However, staff do not always use the knowledge they have about children's next steps to challenge them more consistently during their play and planned activities.Staff receive good support from the management team to develop their skills and share their ideas. They feel valued and have good opportunities to attend training to improve the quality of their teaching.

This has led to staff recognising the benefits of supporting boys' learning and how to work more effectively with parents. There are clear plans for future training to help staff learn more about intergenerational relationships and the benefits to children and the older generation.Children engage well in their play.

However, at times during the day, the noise levels increase, which makes it difficult for children to concentrate and engage more deeply in their play and conversations, particularly for those children who learn English as an additional language.The management team uses self-evaluation very well to bring about effective changes. This has led to very successful home visits, where staff develop a positive relationship with parents and their children early on.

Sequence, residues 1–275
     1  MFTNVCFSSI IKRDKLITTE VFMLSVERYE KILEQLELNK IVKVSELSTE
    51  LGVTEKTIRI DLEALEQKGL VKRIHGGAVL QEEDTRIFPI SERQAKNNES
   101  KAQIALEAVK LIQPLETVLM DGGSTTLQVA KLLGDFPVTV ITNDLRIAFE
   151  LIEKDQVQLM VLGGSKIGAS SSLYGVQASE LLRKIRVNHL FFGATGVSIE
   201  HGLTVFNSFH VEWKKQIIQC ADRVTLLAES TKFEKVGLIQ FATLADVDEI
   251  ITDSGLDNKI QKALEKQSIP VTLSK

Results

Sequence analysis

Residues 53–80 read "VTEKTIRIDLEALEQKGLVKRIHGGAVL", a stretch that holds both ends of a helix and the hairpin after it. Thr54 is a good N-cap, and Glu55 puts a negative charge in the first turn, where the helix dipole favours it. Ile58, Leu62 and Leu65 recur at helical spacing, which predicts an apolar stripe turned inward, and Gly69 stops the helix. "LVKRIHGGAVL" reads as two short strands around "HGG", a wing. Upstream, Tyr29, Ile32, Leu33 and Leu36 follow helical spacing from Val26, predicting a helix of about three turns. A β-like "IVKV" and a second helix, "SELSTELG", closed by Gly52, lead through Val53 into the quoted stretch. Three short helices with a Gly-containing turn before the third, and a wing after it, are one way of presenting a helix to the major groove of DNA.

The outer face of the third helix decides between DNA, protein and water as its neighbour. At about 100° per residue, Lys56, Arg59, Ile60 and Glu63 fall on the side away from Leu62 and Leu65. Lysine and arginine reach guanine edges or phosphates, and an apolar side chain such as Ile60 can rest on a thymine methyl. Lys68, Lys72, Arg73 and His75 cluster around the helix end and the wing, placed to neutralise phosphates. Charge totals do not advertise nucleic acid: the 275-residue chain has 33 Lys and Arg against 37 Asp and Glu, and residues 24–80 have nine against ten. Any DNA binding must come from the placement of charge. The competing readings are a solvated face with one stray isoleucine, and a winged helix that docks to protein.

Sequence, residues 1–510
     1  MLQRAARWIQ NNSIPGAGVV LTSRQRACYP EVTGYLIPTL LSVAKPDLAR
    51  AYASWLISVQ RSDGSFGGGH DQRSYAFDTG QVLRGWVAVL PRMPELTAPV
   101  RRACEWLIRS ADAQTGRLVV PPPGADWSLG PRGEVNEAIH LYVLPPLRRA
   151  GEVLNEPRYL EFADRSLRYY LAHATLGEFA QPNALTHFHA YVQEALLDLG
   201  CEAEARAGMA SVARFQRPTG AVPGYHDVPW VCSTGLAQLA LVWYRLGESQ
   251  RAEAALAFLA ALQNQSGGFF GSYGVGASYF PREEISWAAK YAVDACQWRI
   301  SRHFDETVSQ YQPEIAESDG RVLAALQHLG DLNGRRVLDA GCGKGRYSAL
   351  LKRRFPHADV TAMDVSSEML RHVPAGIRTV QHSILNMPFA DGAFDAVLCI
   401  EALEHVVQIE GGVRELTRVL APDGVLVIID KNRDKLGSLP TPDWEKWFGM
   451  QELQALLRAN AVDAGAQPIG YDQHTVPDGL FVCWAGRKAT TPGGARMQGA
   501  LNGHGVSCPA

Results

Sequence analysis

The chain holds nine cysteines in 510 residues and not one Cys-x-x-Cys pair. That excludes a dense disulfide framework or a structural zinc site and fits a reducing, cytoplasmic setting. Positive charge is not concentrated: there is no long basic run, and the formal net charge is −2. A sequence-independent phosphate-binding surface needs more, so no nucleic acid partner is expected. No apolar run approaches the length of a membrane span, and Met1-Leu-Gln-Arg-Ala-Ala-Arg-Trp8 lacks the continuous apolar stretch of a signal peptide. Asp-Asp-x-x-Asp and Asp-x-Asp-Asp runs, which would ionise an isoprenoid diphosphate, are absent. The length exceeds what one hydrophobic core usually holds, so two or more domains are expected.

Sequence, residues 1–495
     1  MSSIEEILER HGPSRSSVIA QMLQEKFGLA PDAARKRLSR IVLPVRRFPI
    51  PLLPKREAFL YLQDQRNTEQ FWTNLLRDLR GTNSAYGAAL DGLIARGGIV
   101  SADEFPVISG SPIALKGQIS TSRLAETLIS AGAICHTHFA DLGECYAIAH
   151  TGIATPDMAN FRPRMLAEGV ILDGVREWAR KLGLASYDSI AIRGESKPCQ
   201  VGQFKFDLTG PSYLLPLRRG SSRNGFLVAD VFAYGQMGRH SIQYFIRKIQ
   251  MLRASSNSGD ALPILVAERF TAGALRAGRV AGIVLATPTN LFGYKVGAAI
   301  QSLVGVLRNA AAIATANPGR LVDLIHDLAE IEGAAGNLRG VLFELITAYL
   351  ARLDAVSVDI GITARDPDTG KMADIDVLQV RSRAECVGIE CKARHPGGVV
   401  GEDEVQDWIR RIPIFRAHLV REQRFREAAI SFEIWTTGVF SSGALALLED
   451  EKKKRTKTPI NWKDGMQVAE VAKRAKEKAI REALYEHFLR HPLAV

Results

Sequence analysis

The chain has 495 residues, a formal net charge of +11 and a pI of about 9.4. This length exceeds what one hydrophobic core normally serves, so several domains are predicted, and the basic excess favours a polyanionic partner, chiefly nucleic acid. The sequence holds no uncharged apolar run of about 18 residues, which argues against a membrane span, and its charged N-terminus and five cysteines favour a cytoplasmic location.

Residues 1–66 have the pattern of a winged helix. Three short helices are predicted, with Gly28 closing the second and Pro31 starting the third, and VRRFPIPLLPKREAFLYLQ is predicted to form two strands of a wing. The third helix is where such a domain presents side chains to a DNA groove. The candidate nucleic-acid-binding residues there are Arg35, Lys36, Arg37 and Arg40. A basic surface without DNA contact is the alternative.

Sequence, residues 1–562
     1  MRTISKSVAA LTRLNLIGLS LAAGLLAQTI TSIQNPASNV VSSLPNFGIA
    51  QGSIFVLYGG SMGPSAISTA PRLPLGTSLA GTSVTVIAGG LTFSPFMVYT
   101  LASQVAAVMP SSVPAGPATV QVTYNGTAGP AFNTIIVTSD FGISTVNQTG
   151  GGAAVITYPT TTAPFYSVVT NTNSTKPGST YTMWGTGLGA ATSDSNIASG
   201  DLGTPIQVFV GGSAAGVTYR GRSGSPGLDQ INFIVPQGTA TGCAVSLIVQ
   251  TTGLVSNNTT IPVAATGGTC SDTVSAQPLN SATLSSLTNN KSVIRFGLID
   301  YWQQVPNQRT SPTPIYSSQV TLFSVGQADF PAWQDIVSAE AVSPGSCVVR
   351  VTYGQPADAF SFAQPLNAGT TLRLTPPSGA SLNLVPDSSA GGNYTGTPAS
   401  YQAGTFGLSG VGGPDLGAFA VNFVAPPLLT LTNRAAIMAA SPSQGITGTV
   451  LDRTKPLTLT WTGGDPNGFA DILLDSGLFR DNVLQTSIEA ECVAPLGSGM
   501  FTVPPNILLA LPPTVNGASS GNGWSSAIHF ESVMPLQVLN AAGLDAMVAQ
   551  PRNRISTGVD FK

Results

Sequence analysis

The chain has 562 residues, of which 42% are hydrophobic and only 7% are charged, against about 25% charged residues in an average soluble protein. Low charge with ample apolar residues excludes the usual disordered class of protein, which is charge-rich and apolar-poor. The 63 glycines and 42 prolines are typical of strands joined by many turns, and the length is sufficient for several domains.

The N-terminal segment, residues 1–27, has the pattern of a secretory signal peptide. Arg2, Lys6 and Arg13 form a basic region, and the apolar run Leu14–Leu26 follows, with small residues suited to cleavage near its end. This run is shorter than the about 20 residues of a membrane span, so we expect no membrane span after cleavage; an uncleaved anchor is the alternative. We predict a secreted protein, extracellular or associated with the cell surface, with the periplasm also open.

This helps staff to identify any areas where they can offer increased support and advice and ensures children settle with ease. Staff are well informed about how to meet the children's individual needs, and parents are reassured about what to expect. Parents speak very highly of the fantastic support and input they receive.

There is scope to further support children who speak English as an additional language in the development of their early communication and language skills.